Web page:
Sticky Buns & Flexipan Jumbo Muffin
Posted: 23 June 2013 09:34 PM   [ Ignore ]
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I am having some success with Rose’s Sticky Bun recipe.  I am using a silicone pan from Amazon, Flexipan Jumbo Muffin 7.44 Oz, (3-1/16” Dia x 2” Deep), 15 Cavities
by Demarle:  http://www.amazon.com/gp/product/B00175YQFW/ref=oh_details_o06_s00_i00?ie=UTF8&psc=1

You may see high resolution pictures of my success here:  http://www.flickr.com/photos/jamzbond/  (Scroll Down)  -Just click on one of the pictures.  Then right-click and choose a higher resolution if you like. 

I am using Rose’s recipe increased by 50% like Rose recommends.  Lately I have been having trouble, the dough turns out much too moist.  So today I increased the flour by 16 grams, about 1/8 cup.  This turned out better, but I am starting to believe the trouble is that the butter is more watery in these warmer months.  So I will try Land of Lakes butter next week. 

I double the caramel recipe because that is the way my family likes it.

The large Flexipan is nearly as wide as my standard size oven.  I set the Flexipan on an insulated cookie sheet and about 1 inch sticks out on each side of the cookie sheet.  The sides next to the oven wall get done first as you can see by the pictures, some sides are more done.  I try to compensate by making the buns in the center cavaties slightly smaller because they do not get up to 180 degrees nearly as quickly as the ones near the oven wall.  Even then, the ones near the wall get up to nearly 200 before the center ones get up to 180 degrees.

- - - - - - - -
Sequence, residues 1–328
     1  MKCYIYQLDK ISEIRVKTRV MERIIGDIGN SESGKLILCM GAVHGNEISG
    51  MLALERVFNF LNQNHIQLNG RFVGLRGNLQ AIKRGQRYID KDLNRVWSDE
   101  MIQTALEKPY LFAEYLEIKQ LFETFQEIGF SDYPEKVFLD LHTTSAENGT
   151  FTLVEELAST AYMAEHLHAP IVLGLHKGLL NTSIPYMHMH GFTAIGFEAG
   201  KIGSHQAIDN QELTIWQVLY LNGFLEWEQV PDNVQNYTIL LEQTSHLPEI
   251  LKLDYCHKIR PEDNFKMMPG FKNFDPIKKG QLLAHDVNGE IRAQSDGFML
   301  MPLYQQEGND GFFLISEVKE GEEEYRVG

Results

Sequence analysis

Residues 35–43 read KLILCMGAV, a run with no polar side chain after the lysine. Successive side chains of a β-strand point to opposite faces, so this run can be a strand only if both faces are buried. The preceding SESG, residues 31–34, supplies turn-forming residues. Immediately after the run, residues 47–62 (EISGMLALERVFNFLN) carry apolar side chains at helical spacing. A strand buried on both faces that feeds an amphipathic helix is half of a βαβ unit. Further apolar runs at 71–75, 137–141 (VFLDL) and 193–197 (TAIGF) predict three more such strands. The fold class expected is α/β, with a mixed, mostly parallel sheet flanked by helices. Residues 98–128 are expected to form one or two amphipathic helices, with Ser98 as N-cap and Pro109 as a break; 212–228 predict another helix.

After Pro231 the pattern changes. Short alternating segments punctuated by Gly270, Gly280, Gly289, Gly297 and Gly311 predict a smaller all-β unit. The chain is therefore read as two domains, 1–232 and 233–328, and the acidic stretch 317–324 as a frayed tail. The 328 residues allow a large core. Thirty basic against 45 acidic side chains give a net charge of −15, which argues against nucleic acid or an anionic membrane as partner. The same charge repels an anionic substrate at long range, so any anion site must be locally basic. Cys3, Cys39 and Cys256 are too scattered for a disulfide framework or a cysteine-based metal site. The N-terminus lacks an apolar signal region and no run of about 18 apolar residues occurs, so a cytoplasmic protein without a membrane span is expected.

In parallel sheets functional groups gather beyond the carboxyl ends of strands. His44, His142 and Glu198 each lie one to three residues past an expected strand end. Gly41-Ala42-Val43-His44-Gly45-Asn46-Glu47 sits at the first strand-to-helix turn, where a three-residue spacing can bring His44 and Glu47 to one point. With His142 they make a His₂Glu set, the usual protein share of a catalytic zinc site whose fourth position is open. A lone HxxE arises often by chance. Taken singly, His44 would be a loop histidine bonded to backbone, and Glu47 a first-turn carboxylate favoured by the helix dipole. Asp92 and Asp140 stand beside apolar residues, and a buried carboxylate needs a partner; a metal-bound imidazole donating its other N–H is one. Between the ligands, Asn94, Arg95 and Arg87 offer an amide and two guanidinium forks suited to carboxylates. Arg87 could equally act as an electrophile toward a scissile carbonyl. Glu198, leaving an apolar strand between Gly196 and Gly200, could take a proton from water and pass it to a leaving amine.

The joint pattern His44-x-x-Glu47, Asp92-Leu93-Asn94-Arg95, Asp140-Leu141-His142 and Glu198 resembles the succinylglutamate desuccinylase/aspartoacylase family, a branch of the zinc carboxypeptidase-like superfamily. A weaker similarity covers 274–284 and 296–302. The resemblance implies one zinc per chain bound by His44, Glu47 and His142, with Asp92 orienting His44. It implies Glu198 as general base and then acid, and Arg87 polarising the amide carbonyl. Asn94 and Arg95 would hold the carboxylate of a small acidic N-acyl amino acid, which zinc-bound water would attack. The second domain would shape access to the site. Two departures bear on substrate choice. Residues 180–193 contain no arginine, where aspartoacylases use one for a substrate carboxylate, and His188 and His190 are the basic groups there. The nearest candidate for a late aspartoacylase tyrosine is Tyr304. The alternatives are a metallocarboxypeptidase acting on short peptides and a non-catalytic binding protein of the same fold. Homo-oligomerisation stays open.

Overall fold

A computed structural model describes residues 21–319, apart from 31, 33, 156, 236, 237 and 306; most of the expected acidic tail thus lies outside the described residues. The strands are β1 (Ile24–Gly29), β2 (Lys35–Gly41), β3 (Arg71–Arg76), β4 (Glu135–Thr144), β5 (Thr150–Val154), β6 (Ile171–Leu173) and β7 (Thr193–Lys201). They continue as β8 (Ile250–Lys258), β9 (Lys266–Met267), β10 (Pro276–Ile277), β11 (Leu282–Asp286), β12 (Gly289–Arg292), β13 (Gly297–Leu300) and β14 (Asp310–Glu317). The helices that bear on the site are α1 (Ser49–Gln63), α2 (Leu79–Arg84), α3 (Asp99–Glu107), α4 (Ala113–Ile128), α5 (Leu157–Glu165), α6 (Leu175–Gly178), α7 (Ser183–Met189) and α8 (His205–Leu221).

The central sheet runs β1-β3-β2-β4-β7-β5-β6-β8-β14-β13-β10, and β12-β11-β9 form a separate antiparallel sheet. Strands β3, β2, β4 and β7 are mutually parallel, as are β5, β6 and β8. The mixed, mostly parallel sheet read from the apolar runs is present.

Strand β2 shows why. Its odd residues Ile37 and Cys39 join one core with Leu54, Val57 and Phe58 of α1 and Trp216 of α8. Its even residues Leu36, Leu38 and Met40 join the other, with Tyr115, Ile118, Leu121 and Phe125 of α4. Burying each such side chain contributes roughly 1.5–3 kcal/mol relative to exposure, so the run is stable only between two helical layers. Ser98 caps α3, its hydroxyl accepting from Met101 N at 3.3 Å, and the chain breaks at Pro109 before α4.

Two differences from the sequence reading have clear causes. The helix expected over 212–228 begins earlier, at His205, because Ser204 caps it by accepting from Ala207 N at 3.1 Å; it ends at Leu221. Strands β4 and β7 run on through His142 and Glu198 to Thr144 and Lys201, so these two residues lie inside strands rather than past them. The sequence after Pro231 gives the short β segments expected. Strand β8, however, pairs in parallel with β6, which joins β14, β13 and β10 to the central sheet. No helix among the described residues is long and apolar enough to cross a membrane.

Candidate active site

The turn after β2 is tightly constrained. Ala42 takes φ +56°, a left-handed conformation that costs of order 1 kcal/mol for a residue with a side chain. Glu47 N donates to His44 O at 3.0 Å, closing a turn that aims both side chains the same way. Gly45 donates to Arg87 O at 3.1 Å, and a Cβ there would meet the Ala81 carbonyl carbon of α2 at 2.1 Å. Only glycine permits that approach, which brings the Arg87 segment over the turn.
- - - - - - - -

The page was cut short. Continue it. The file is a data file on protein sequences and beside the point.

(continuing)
I tried placing a second cookie sheet on top of the Flexipan and Sticky Buns when done, -and turning them over, but it is such a mess when just out of the oven because the caramel runs.  Now I allow them to cool for about 10 minutes with the flexipan on top of a wire rack, then I carefully fish each sticky bun out with a fork in each hand, and onto plates. 

I have been making one batch a week for over a year now and I still cannot roll the dough with 90 degree corners!  But I am getting slowly better. 

I will be a happy man when I solve the runny dough problem.  Last winter, the dough was perfect.

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Posted: 23 June 2013 10:20 PM   [ Ignore ]   [ # 1 ]
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StephenRay - 24 June 2013 12:34 AM

15 Cavities
by Demarle:  http://www.amazon.com/gp/product/B00175YQFW/ref=oh_details_o06_s00_i00?ie=UTF8&psc=1

Uh, you paid $115 for a baking pan?

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Posted: 23 June 2013 10:36 PM   [ Ignore ]   [ # 2 ]
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Charles T.
Yes I did.  It doesn’t stick.  These silicone pans work better than advertised.  Baked goods just fall out of them.  Even Sticky buns with caramel on the bottom will fall out if you turn the whole flexipan over.  I will never bake a muffin or dinner roll or sticky bun in a metal pan again.  I also have various size silicone pans for dinner rolls, Madelines, and Financiers.  And the cleanup is effortless too.  For clean up, just swish a cotton wash cloth with water over it and it is ready again.  My family really likes these baked goods and these silicone pans save a lot of time and effort.  Not to mention there is no greasing the pans or spraying Baker’s Joy on the pans either, so there is no dark residue that you must scratch off with brillo.